Following my fairly dull update of the 2020/21 and 2021/22 seasons at Újpest, this one will give you a bit more detail on the squad and what’s actually going on at the club. During the season I’ve also been looking at the stats in slightly more detail in a bid to create a player radar (such as the one here: https://fmcoffeehouse.wordpress.com/2014/07/15/fm14-ujpest-201920-the-year-of-the-agent/) for full-backs. Unfortunately, because my full-backs play as Complete Wing Backs, they produce quite irregular stat-lines and therefore aren’t indicative of all players in their position.
One thing I’d like to address in relation to this is the question I often get where people seem confused as to why I actually collate these stats every year. If you’re not interested in the answer then you’re more than welcome to skip the next few paragraphs.
Welcome to an update to the increasingly irregular series where I focus on my save with Újpest in Hungary. I’ve planned for this update to be mainly pictures because my motivation to play Football Manager is pretty low at the moment, so when I do get the urge to play, I’d rather actually play than spend my time writing about it. Unfortunately this irregularity of update means the site has been rejected by Sports Interactive’s Affiliate Scheme. It’s a bit disappointing that this is the case because I’m sure a number of you read one-man FM blogs and it’s difficult for a single person to commit to regular content that they do just for fun. But oh well. On to the game.
During my last update I wrote about the 2019/20 season. It’s been a while so if you’ve forgotten what happened you can check it out here (https://fmcoffeehouse.wordpress.com/2014/07/15/fm14-ujpest-201920-the-year-of-the-agent/). Since then I’ve played two seasons, with steady progress in both. In those years, we’ve won;
Following a text-less update for the 2018-19 season, I’m somewhat re-invigorated and so you’re back to having to read words. Unlucky. I’ve still got some pretty pictures though.
A domestic quadruple was always going to be the most we could hope for as we’re still some way off making a dent in Europe. I consider us to be firmly in the ‘Continental Consolidation’ phase of the club’s development — winning every single domestic trophy suggests we’ve gone past the ‘Domestic Dominance’ phase. But this progression has been a bit of a bitch in terms of keeping player wages down. Several key players had contracts expiring at the end of the 2019-20 season meaning we either had to negotiate a new deal or risk losing them on a free transfer. The three main men were Nassir el Aissati, Kadú and Fernando Canesin Matos; all signed new deals worth £6k, £6.5k and £4.2k p/w. As manager I’ve spent very little on transfer fees, meaning our finances are excellent and we’ve got a massive wage budget; following the end of the 2019-20 season, we were spending £77k p/w on wages with a total budget of over £300k p/w. But giving those wages to guys who were happily accepting ~£1.5k p/w only a few seasons ago grates me slightly.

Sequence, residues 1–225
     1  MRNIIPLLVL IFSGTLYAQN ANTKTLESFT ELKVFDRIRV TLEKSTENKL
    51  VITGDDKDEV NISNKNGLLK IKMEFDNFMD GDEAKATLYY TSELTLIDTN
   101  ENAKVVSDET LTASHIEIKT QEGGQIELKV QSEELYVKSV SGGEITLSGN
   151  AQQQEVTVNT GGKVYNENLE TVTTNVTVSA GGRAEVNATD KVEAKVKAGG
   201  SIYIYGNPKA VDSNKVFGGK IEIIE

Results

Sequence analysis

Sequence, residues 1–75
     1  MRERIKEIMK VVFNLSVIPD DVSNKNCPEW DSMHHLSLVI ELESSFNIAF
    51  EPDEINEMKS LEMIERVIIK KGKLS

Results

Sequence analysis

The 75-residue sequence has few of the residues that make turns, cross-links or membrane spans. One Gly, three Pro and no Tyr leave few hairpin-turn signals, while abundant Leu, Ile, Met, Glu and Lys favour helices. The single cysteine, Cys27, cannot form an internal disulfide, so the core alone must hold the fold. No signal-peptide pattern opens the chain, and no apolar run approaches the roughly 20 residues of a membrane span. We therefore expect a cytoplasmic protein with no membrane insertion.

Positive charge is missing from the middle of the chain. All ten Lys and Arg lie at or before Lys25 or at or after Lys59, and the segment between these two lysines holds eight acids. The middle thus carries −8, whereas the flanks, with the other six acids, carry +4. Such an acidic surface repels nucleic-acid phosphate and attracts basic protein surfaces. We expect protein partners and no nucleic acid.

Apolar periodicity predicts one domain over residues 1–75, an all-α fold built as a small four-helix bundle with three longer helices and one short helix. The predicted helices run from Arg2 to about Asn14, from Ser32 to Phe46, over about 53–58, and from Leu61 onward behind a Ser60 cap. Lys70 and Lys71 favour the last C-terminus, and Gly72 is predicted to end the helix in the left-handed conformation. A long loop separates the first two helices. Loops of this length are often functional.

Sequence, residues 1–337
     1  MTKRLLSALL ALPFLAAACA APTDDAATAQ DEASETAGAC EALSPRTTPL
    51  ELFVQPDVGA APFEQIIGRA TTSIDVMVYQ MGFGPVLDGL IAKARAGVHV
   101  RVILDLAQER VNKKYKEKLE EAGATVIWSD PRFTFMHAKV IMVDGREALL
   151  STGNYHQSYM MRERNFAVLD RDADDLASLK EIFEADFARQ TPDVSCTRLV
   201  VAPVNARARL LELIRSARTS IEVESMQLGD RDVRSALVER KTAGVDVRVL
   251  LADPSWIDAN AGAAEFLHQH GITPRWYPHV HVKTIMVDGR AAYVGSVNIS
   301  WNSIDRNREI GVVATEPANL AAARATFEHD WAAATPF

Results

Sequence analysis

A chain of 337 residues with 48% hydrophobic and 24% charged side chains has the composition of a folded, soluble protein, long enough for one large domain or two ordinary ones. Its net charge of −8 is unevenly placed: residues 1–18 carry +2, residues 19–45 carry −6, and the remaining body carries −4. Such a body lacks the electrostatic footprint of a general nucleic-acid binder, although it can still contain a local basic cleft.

These updates are getting a bit samey for me so I’m just going to stick a load of pictures up for this season. I don’t want to stall my progress in the 2019/20 season to write an update but I want to keep everyone updated so here you go. Should be back to written updates soon.
The season after our first league title was always likely to be a crucial one, and it ended up being so. In order to improve the coefficients of the league and of Hungary itself, it was crucial we did well in the Champions League, and that ended up being our focus. Initially, this meant our league form suffered really quite badly. But with the young squad that won the league being kept largely intact, and further improving, I was confident in our ability to catch up the leaders (who were Videoton, as you may have guessed).
The only changes to the squad were…
Before I start, I’d just like to advise anyone who reads these posts and enjoys them to follow me on Twitter. I post about my game quite a lot and there’s things I put on there that don’t really suit the format of a blog, so you could well miss them if you don’t follow me. Thanks.
At the very beginning of this string of Újpest posts, I noted that there were five stages we needed to complete before my job with the Budapestians was finished. The ‘domestic consolidation’ phase that we started with went on slightly longer (four years in total) than I was hoping, but after a wonderful 2016/17 season, we’ve finally reached stage two: ‘domestic dominance’. The criteria for completing this phase are as follows:
• Consistent title challenges year-on-year
• Steadily improving youth academy
• Beginning to focus more on Hungarian talent
With the step up to the next phase (‘continental consolidation’) being:
• Improved performances in continental competition each year.
• Viable youth academy
• Beginning to focus more on Hungarian talent
Following a relatively decent if unspectacular 2014/15 season, there was more progression needed if we were to take the league title and get any sort of progress in Europe. Unfortunately, despite another fairly good season, we were unable to do either. This was largely because we spent the season re-building the squad following the loss of several key players (although these were all my choice).